Applications for multispectral and hyperspectral imagingFebruary 25, 2019
The science behind it
The human eye, and most standard vision sensors, detect light within a relatively narrow spectrum and translate this into three bands – long wavelengths perceived as red, medium wavelengths perceived as green and short wavelengths perceived as blue. Multispectral sensors are able to capture image data from beyond this range, from thermal infrared to ultraviolet, and measure spaced spectral bands. Hyperspectral sensors take this further and measure this extended spectrum in continuous bands, meaning they break the spectrum into even narrower bands, and the resulting images provide even more insight into the nature and composition of target objects. To illustrate this, MSI measures light across tens of bands while HSI can cover hundreds. Objects previously undetectable to the naked eye or traditional vision system can now be visualized and interpreted.
In the field: MSI and HSI in agriculture
Precision agriculture refers to the use of technology to improve yield and reduce waste in farming practises, and vision is playing a huge part. AIRINOV is a French tech company putting Parrot SEQUOIA multispectral cameras into the sky on senseFly drones. The multispectral sensor measures how much light is being reflected from crops and analysis of green, red and infrared light results in advice on the optimum amount and placement of fertilizer and pesticide. Such techniques require little processing power as only a “yes, no” outcome is required – does the area need more fertilizer/pesticide/water or not? DroneZon recently featured a very interesting article explaining multispectral imaging in agriculture in more depth – read it here.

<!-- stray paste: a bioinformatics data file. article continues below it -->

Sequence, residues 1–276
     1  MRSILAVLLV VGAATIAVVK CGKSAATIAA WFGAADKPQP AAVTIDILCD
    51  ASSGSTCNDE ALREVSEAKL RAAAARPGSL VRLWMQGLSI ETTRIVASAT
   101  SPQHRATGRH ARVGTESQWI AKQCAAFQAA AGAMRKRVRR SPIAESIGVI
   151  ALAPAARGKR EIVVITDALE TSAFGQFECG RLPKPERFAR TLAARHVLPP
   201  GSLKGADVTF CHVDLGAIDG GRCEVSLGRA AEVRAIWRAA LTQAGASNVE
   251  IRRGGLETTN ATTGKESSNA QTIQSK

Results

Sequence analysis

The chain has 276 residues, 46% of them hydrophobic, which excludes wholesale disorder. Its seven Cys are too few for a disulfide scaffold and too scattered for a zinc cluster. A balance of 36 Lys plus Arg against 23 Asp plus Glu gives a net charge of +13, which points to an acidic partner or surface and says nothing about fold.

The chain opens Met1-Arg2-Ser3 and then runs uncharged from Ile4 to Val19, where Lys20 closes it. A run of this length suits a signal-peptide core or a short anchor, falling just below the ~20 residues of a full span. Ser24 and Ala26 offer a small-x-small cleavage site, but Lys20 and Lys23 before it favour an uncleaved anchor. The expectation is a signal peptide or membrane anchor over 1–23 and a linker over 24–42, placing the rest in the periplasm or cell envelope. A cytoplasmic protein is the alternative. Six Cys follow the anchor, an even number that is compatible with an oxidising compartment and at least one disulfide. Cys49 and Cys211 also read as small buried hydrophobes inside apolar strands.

Hyperspectral sensors “see” an even wider range of spectral bands and are being used to monitor crops with even more detail and accuracy. Gamaya, a start-up born out of the Swiss EPFL (Federal Institute of Technology), has developed a drone-based hyperspectral camera along with a software toolkit which uses machine learning to interpret and act on what it’s seeing. Gamaya claim that, in addition to seeing that a crop is becoming diseased, data from the processed image is able to identify which disease is affecting the plant and suggest the best course of action.
Enhancing industrial machine vision
HSI has been used for inspection and quality control in food processing for some time. This non-destructive method sheds light on a variety of components within food including levels of sugar, fat and moisture, as well as surface defect detection, allowing control of items from baked goods to fish. Cubert illustrates an innovative method to use machine learning and HSI to classify herbs in real time, demonstrating their bespoke software and spectral snapshot cameras. Imec is working with Java Coffee Company, employing HSI in accurate quality control in the coffee bean industry without the need to grind beans for inspection, and, they say, at an acceptable price point.
Greater insight for medical imaging
MSI and HSI construct an image cube made up of images captured with incident light of varying wavelengths laid on top of one another. In this way, the composition of tissue and cells can be better visualized and interpreted. MSI imagery results in the ability to diagnose cancerous cells from normal cells, HSI can take this further and classify, or grade, cancerous tissue, enabling doctors to compile a more accurate care plan and prognosis. For a more universal application, an HSI sensor can detect an incorrect tablet within a blister pack, helping to ensure medical packaging is up to standard.
Active Silicon supports a range of imaging techniques
Our frame grabbers, embedded systems and camera interface boards support a range of imaging techniques in application areas including science, industry, defense and surveillance. Get in touch to discuss how our components could help you see more.